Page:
Published Thursday 29th August 2019

Many sectors of the UK economy have struggled since the Brexit vote of 2016. A weakening currency and wider uncertainty regarding future trading have left much of the national economy on a slow decline. Particular concerns in the manufacturing and construction sectors have left some economists to believe the UK remains on the brink of a recession.

However, it appears that the British people have pushed against the tide of economic downturn. Earlier this month, it was reported that annual wage growth was at its highest in over a decade. Meanwhile, employment figures remain hugely positive, despite the stalling economy. Are the latest labour numbers an indicator as to the makeup of post-Brexit Britain, or are they only masking deeper problems under the shell of UK plc.?

The Current UK Employment Picture

At the end of June, the Office for National Statistics (ONS) reported that regular wage growth increased by 3.9% in the year. The figure has been mostly on the rise since mid-2018 and was up from 3.6% last month. It is the highest number for this statistic in the previous 11 years.

Employment figures have been noticeably high for the last twelve months. In early August, the ONS reported an overall employment rate in the UK of 76.1%, the joint-highest since records began in the 1970s. Whilst the unemployment rate saw a slight increase over the recent period, it is still lower than a year earlier.

Wage Growth Points to Concerns for UK Businesses

Whilst many of these figures are positive for a new government, they could foreshadow deeper economic problems for already strained businesses. For much of the last year, high employment figures have been an indicator of the short-term approach of major companies as a result of Brexit. With the future economic outlook still uncertain, businesses have turned away from significant investments and instead put money into the labour market to bridge the gap. Overall, business investment dropped in every quarter of 2018, with the most notable impacts felt in the manufacturing sector. This lack of investment is often cited as one of the reasons why UK productivity is so low.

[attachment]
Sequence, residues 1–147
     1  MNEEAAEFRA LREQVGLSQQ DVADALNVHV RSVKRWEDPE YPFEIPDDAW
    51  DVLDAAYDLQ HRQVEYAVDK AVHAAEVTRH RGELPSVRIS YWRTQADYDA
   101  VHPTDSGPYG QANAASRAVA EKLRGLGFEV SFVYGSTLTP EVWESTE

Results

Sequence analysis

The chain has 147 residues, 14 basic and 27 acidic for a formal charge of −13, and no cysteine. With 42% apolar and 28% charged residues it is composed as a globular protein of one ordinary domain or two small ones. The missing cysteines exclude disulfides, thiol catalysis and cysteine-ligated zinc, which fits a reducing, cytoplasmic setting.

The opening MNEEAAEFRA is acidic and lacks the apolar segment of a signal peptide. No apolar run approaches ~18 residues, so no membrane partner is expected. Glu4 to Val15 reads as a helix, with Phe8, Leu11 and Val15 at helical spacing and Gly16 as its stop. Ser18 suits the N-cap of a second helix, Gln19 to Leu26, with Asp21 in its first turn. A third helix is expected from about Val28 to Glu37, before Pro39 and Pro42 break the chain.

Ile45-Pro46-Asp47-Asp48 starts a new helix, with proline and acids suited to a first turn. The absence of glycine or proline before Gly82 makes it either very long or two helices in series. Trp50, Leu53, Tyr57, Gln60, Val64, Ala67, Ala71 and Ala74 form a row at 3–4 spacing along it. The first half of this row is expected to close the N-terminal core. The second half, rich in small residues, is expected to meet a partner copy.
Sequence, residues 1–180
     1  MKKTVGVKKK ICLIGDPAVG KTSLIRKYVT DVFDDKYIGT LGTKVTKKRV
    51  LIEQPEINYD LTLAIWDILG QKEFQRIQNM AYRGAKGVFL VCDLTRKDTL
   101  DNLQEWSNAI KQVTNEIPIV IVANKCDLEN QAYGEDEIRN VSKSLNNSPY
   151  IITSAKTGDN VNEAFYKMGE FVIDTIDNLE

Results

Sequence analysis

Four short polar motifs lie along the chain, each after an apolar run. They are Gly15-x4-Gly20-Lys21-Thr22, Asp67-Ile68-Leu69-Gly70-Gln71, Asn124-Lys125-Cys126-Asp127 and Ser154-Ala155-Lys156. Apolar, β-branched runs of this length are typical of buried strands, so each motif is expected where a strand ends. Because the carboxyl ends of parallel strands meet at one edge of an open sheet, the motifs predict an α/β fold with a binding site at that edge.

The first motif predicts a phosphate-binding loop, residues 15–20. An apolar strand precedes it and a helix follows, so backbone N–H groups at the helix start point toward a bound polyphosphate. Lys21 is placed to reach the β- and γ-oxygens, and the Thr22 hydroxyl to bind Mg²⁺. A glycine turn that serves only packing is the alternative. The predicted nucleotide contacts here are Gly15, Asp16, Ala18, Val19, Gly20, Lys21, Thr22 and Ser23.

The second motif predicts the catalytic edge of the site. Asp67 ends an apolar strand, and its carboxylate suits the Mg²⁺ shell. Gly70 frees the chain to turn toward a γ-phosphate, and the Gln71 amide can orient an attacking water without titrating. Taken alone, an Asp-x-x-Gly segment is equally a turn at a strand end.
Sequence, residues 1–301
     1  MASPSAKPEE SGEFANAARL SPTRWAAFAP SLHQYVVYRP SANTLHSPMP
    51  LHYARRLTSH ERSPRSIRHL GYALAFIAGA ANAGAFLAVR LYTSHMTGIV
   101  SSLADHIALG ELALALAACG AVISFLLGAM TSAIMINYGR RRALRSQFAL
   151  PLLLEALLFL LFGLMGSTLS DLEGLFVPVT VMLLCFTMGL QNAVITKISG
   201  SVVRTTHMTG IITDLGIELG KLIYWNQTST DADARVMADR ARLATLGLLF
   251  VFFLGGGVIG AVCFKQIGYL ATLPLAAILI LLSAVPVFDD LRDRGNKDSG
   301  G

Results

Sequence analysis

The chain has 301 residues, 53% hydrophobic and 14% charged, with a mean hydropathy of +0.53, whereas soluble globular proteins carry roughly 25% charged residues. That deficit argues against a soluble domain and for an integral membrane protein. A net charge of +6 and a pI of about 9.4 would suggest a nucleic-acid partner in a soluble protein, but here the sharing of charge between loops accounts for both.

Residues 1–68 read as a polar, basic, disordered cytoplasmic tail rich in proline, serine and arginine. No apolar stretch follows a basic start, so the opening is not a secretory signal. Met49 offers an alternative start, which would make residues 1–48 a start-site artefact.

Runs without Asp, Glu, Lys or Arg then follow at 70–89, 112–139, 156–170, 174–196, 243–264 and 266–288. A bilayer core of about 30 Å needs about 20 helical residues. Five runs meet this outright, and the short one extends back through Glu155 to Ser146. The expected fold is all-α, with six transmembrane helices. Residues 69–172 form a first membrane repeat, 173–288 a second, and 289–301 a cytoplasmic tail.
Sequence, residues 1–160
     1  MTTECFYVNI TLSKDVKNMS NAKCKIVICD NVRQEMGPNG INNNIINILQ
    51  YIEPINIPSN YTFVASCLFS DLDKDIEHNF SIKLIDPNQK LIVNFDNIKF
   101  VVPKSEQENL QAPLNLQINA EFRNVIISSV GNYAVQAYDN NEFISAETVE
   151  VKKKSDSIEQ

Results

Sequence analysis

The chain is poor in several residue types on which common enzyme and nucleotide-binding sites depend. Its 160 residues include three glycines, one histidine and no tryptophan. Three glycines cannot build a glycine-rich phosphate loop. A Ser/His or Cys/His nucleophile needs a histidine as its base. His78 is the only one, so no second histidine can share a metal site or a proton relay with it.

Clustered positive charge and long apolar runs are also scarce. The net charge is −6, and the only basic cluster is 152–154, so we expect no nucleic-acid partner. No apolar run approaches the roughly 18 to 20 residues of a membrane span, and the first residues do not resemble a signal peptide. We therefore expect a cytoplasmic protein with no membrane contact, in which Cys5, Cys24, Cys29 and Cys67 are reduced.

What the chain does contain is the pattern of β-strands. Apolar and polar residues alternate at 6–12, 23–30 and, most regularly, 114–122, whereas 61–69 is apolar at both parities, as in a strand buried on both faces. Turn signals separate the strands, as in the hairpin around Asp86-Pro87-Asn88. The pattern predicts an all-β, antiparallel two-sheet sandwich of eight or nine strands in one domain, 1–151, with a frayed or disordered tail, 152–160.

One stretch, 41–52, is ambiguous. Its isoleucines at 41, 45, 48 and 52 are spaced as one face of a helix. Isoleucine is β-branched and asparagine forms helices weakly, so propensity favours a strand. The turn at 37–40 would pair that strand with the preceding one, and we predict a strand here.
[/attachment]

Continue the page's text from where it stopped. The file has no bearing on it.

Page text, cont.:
Employees have been able to benefit from a larger job market as a result of this strategy. However, labour can only go so far, with many experts believing these figures may have reached their peak. First of all, this 11-year high in wages is aided by an unusual increase in public sector pay in July last year. Meanwhile, the high employment rate has led to many firms being unable to fill vacancies, which has also supported this wage growth. Eventually, the gains from increased labour will be lost due to its expense, inevitably leading to an employment slowdown.

A Point of Strength for Brexit Britain

Regardless of expectations, short-term movements in employment and wages, much like the broader economy, pin on the Brexit outcome later this year. If a no-deal Brexit takes place, the economic contraction will likely be large enough to trigger a decline in wage growth and employment. However, many analysts believe the performance of jobs and wages over the last year shows its strength, and a sharp fluctuation would not be expected.

Wage growth represents a positive economic strength at a time when many indicators are pointing downwards. An increase in real wage growth (adjusted for inflation) of 1.9% for the year means more money in consumer’s pockets. As a result, economists expect higher consumer spending over the coming months, providing slight foundations to an economy that will become increasingly unpredictable as October nears.

Here at Expense Reduction Analysts, we’ve been helping major UK companies reduce their expenses as the Brexit deadline nears. Our procurement specialists work in a range of cost areas, including personnel services, creating a range of corporate cost savings. With the UK economic outlook continuing to change, it pays to analyse all expenses, ensuring your business is in as strong a position as possible going forward. If you are interested in reviewing your current procurement strategies ahead of the Brexit deadline, get in contact with our helpful team today!